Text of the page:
Steve Ballmer considers future, may step down from Microsoft board

Steve Ballmer says that after 34 years of being with Microsoft, he now has a chance to decide on his future.
By Ananth Baliga  |  March 24, 2014 at 4:38 PM
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REDMOND, Wash., March 24 (UPI) -- Former Microsoft CEO Steve Ballmer is beginning to consider his future, and whether he will remain on the company's board of directors.

"It really as much as anything depends on how I see the rest of my life playing out," Ballmer told The Wall Street Journal, referring to his plans for remaining on the board of directors.

Ballmer said that after 34 years with the technology company he now has a chance to think of what's next for him.

Ballmer's comments are similar to those he made three weeks ago at the Said Business School at the University of Oxford, his first public appearance after stepping down as CEO.

"I get to find some new set of things to be passionate about. I get the luxury of really trying to figure out what might be fun to make a difference in the world. And I don't want to default to something that's obvious, so I'm gonna take some time and really figure it out, and say 'What will be the thing that will switch me on from age 58 to age 70?'"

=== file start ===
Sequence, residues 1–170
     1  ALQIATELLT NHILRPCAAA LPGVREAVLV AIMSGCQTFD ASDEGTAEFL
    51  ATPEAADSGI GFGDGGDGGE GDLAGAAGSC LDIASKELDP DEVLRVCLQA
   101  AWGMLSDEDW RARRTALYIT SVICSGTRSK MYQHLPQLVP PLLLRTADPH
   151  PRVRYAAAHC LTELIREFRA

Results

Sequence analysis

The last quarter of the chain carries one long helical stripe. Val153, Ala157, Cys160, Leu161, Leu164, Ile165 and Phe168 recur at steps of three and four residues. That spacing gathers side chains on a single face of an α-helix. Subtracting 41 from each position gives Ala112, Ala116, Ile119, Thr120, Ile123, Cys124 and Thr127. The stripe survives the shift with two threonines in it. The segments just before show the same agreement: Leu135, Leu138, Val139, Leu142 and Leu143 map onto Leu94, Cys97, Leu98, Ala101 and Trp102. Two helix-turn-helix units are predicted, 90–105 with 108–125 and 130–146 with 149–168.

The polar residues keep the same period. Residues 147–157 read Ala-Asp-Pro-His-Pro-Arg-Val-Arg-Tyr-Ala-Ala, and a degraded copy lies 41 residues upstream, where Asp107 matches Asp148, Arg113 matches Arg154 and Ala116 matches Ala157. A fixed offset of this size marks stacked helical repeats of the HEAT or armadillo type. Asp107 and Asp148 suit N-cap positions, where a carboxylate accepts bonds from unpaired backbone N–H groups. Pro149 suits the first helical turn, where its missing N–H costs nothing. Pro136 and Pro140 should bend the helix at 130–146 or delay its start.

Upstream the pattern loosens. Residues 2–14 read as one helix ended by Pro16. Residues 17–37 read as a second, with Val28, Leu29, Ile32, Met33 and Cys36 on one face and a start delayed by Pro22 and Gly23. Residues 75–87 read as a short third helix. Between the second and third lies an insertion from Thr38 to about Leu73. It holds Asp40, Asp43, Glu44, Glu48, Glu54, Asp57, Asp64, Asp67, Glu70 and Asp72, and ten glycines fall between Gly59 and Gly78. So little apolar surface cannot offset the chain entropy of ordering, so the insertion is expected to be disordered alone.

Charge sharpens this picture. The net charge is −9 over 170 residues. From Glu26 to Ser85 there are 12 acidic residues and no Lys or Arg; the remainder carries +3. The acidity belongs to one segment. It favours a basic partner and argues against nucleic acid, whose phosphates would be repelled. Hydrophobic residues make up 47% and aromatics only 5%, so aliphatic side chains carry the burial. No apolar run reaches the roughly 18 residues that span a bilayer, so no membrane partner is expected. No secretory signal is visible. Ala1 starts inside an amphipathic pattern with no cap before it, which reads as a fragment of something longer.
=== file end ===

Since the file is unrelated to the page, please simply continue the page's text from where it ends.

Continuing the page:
Ballmer at present is the second largest shareholder at Microsoft, behind Bill Gates. But Gates has been selling his shares in Microsoft, and Ballmer could become the largest single shareholder sometime in June.

Ballmer still retains his spot on the Microsoft board along with Gates. Gates relinquished chairmanship of the board to John Thompson, a former IBM and Symantec executive. Gates said that he would assist newly-instated CEO Satya Nadella on product and technology issues.

Many have said the presence of two former CEOs on the board could possibly have a negative impact on Nadella's performance. The two board members are formidable personalities in the tech industry and the company and could be a little overbearing for Nadella.

Ballmer said that even if he does leave Microsoft at some later date he will always have a vested interest in the company.

"I own 4 percent of Microsoft. I care a lot about my child. And my investment," said Ballmer.

[Wall Street Journal] [ComputerWorld]

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